I cook using old pots. Very old, ancient pots. I understand that plenty of people have a cast iron skillet or two that have been handed down, but I have a whole set of antique pots with matching glass lids.
My grandmother received a full set of Guardian Service waterless cookware for her first wedding to my grandfather’s best friend. My grandfather met his best friend when they were both in the Air Force in WWII. The best friend was a pilot and my grandfather was his navigator. When the war was over, they returned to their respective fiancees and got married like so many other returning soldiers. The two couples kept in touch and attended many bombardier group reunions. In the 1980s, my biological grandmother and my grandfather’s best friend both passed away. Through the late 1980s and early 1990s, my grandfather and his best friend’s widow continued to get together and attend their events.
In 1993 they decided to stop fooling themselves and to finally get married.
I never knew my biological grandmother, and I hear that she was a wonderful, strong, and classy woman. But I consider my grandfather’s second wife to be Grammy. Grammy was one of “those grandmothers.” The ones who move to Florida and immediately join a shell-collecting club. She took ballroom dancing lessons, went to bingo, and drank martinis. She always had a huge floppy hat tied down with a scarf that coordinated with her breezy, draping caftans and which ever of her myriad pair of ubiquitous sequined flipflops.
Three years ago, after a long fight with cancer Grammy passed away, leaving my grandfather again a widower. He downsized his living space, moving from their Florida bungalow to a fancy retirement complex in New England as his daughter lives up there. He sent most of the clothes and other stuff he wanted to keep in a moving van, but he filled his mini van with still more and started the drive from Florida to New England. On the way, he made a stop in Knoxville.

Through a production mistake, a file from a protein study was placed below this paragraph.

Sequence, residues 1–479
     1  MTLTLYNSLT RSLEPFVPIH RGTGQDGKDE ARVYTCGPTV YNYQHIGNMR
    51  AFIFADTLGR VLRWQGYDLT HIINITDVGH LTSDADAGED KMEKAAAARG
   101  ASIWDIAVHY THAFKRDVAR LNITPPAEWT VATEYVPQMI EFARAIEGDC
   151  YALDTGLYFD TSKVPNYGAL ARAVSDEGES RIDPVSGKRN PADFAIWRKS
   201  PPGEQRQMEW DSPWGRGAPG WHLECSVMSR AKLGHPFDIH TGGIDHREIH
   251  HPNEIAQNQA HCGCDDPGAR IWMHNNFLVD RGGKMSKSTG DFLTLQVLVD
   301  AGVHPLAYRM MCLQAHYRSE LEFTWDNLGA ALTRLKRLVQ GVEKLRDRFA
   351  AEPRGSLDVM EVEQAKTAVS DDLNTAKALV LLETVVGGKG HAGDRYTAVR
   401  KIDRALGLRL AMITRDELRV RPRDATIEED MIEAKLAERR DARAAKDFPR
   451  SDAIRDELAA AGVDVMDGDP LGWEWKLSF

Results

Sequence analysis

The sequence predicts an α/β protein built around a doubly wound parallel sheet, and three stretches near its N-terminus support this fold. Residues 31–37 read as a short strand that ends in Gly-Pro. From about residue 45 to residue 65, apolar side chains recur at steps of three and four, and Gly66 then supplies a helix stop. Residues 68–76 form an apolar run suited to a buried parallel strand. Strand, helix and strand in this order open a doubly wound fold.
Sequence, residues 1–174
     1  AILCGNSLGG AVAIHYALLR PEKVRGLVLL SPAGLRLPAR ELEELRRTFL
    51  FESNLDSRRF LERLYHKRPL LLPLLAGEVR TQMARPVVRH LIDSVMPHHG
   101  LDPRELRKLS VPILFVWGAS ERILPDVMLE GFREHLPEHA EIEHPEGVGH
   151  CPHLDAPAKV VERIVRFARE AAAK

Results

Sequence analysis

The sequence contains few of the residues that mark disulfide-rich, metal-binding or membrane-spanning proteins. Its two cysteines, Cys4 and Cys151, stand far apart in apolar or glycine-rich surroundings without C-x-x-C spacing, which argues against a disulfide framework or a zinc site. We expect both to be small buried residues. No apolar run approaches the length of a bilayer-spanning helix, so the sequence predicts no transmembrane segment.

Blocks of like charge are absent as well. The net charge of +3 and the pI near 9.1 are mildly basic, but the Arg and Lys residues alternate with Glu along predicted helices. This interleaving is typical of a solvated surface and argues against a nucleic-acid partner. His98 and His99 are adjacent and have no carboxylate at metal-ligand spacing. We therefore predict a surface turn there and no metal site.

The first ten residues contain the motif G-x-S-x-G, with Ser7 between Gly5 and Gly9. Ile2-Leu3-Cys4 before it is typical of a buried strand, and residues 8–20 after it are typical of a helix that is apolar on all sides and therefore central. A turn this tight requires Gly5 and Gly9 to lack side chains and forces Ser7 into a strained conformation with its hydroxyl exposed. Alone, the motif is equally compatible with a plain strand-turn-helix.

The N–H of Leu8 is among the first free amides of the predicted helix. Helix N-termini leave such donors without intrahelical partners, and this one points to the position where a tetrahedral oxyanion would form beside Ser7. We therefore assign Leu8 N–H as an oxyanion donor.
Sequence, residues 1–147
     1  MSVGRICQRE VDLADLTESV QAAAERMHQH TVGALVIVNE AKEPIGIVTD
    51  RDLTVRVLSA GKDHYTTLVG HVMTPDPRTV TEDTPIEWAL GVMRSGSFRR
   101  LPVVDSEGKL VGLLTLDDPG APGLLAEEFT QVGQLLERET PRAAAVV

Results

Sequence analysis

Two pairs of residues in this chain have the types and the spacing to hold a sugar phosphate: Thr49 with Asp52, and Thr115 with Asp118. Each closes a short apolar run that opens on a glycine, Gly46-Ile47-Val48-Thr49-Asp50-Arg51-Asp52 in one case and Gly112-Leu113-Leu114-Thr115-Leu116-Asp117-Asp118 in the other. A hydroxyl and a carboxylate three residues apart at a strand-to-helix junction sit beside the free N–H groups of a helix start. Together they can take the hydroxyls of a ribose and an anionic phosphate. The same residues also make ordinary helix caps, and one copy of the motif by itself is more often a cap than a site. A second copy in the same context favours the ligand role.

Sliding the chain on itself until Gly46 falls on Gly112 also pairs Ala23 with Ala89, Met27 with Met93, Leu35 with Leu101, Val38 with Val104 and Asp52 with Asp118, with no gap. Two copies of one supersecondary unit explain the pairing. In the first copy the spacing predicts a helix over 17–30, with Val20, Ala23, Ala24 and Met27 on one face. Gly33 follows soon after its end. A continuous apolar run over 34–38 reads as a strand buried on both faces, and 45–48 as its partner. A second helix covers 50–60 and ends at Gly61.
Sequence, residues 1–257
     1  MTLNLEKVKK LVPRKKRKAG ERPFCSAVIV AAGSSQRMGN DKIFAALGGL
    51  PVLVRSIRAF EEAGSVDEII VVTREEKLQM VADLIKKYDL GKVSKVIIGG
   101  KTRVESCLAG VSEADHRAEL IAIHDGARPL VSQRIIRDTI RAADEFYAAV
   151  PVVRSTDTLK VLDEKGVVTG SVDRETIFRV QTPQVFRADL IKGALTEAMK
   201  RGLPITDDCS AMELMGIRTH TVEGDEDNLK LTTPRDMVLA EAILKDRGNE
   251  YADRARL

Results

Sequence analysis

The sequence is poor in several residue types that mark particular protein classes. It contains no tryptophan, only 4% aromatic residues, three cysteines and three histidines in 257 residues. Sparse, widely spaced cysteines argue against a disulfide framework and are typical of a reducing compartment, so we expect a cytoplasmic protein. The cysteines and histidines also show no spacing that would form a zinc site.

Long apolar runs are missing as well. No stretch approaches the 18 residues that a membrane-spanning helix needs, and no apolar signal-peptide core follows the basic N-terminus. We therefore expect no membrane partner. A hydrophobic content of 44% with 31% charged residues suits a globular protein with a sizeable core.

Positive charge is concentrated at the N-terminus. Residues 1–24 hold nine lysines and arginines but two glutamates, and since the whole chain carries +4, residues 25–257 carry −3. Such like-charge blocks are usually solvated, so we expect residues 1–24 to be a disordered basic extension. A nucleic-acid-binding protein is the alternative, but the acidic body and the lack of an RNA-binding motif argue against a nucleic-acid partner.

I didn’t expect anything from my grandmother as I tend to be rather removed from family events, but my grandfather told me that Grammy wanted me to have a good set of cooking pots. She decided that with everything else I had to deal with, she wanted me to not have to worry with the flimsy pots and pans us youngsters normally start out with. I think part of the decision making was influenced by the fact that my one other cousin on that side was getting married into a “good family” soon so she would not be wanting for quality housewares. So he directs me to pull out 12 boxes from his van. They fill up my tiny living room!
I was a little hesitant to start using them as they were so different from what I was used to. They’re hammered aluminum, about 1/2 of an inch thick! They conduct heat so very differently from anything else, which took some getting used to. Since then, though, they’re all I use. They go from the stove to the oven and back. They heat very evenly and hold onto it for longer than the thin cookwares do.
The Guardian Ware has pervaded my cooking so much that when I cook for other people at their place, I bring my pots with me and sometimes leave them there for a few weeks. Multiple times this has bitten me on the arse as the thought of losing one of Grammy’s pots after a breakup has caused me to explode the dude’s phone with messages about how I NEED MY POT BACK! You think I would learn by now, but I keep thinking that “this dude is a decent human being,” which thankfully they have all turned out to be in the applicable long run (long enough to get my pot back!).
I love my Guardian Ware, and am so very thankful that my grandparents chose to pass them on to me. If anyone reader gets a chance to try out a piece of Guardian Ware, snatch it up! You will find it to be your most used piece of cookware.